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Copyright 1921 New York Education Co.
Entered as second class mail matter in the Post Office at Albany, N. Y.

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Hotel Continental
Broadway at 41st Street

When You Visit Buffalo New York City or Niagara Falls

.\dd to your pleasure and com

in the Heart of the City

sort by stopping at the Lenox. A Modern. Up-to-Date High Class Hotel
(Juietly situated, vet very con- Five minutes from the Pennsylvania and
". . . . . . . - , , o ator (;rand Central Terminals, within easy access
venient to busin, ss, theater and of the retail shopping district and sur-
shopping districts. rounded by forty theaters.
European plan. Fireproof, modern. Ex- - -
ck ptional cuisine. Every room an outside 3OO Outside Rooms

room. From $2.50 per day up.

Each with private bath Bool. 1, ts, rates and full in formation on request. –––.

(". A. M IN ER, Managing Director - - - ... "
North Street at I), laware Ave. RATES-Single, $2.50 per Day Upward

I3uffalo, N. Y. Double. $5.00 Upward
HOTEL LENOX Comfort of our guests our first consideration

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18 Y
Horatio M. Pollock, M. S., Ph. D.
Auth, or of the American Examination and Review Book and Editor of American 2
Education

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The Examination Book in American History and Civics contains five hundred Regents' Questions with answers in American History and Civics and the biographies of one hundred leading Americans and other valuable material. such as important dates and associated events. The questions. with answers are arranged chronologically and cover the entire history of the United States from the period of discovery to the present time. Every period is fully treated. The answers are authentic and complete.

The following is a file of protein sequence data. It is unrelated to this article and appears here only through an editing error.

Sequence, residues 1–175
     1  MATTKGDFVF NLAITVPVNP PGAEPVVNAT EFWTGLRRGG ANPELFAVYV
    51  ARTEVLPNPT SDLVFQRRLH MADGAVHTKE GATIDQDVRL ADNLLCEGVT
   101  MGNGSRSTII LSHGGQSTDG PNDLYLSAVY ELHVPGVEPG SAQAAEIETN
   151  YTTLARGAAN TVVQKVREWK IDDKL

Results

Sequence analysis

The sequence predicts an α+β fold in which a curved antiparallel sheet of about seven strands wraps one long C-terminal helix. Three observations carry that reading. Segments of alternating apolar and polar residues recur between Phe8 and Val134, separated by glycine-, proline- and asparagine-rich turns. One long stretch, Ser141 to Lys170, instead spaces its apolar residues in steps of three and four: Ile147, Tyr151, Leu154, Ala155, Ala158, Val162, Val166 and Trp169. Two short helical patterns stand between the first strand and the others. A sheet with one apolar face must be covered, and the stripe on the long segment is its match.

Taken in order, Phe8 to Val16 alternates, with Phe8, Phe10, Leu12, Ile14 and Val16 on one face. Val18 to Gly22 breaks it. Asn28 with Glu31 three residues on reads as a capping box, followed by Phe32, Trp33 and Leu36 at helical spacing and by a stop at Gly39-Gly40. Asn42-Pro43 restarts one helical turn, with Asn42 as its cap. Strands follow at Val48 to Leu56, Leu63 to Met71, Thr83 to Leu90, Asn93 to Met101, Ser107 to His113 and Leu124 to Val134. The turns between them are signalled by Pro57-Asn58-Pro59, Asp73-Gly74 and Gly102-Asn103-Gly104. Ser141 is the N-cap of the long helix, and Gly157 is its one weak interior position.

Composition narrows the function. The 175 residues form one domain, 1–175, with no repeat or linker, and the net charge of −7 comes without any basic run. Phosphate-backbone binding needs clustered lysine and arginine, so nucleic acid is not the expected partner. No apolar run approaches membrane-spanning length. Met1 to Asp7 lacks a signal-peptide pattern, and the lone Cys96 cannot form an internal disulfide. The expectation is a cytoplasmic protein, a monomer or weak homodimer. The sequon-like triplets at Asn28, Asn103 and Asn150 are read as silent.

This volume will be found of great help to teachers for review purposes and to pupils who are preparing for examinations.

Cloth Bound, Price Postpaid, 6o Cents
The Book and American Education for one year, $1.85

New York Education Co., Albany, N. Y. .

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Issued the tenth day of every month except July and August Owned and Published by THE NEW YORK EDUCATION CO., 50 State St., Albany, N. Y.

HORATIO M. POLLOCK
CHARLES W. BLESSING

GEORGE S. PAINTER
JOHN L. WARNER

| Associate

| Editors | Editors

ADVISORY BOARD OF EDITORS

PRESIDENT A. R. BRUBACHER, PH. D., NEw York STATE College For TEACHERs
PRESIDENT HENRY SUZZALO, PH. D., UNIVERSITY of WASHINGTON
CHARLES ALLEN PROSSER, PII. D., DIRECTOR. DUN woody INSTITUTE, MINNEAPOLIs
PROFESSOR EDWARD F. BUCHNER, PH. D., Johns Hopkins UNIversity
WILLIAM PAXTON BURRIS DEAN College For TEACHERs, UNIVERSITY of CINCINNATI
PRESIDENT LOUIS W. RAPEER, PH. D., RESEARCH UNIVERSITY, WASHINGTON, D. C.
ALBERT LEONARD, PH. D., SUPT. of Schools, NEw Roch ELLE, N. Y.
H. B. WILSON, SUPT. of ScHools, BERKELEY, CALIFoRNIA
E. C. BROOME, Ph. D., SUPT. of SCHOOLs, PHILADELPHIA PA.
JAMES WINGATE, Ass'T IN ELEMENTARY EDUCATION, N. Y. STATE DEP'T of EDUCATION
DR. A. C. HILL, NEw York STATE DEPARTMENT of EDUCATION
PROFESSOR: WILLIAM S. MORGAN, PH. D., BERKELEY. CALIFoRNIA
CLINTON P. McCORD, M. D., HEALTH DIRECTOR, PUBLIC SCHools, ALBANY, N. Y.
PROFESSOR DANIEL E. PHILLIPS, PH. D., UNIVERSITY OF DENVER

WOL. XXV NOVEMBER No. 3 CONTENTS FOR NOVEMBER 105 Editorials 108. The Teaching Personality Quotient A. R. Brubacher 113 Education and Individual Liberty Nicholas Murray Butler 116 The Convocation of the University of the State of New York 119 Successful Educators: Jesse II. Newlon 120 Program Annual Meeting of the New York State Teachers’ Association 122 Educational News and Comment: General News, College Notes. New York State Section 134 Regents' Questions and Answers: Physiology and Hygiene 136 Book Notices

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SPALDIN G'S Examination and Review Series

Athletic Library REGENTS’ QUESTIONS

No matter what sport you may be in

terested in, the Spalding Athletic Library AND ANSWERS

Series contains one or more books on the

1Ia subject. Send for complete list. New York Chicago San Francisco

(Stores in all other principal cities.) These books cover the New York State

Regents' semi-annual examinations. The answers have been prepared by an expert, are accurate and immediately follow ques

tions. Multiply Your Chances They give young students a correct idea of the kind and scope of questions asked

of securing the kind of position you and of acceptable answers. They have desire proven invaluable for review purposes.

Chemistry, 12 complete sets, 1914-1919.

Send for free folder and Price 40 cents postpaid. Physics, 14 com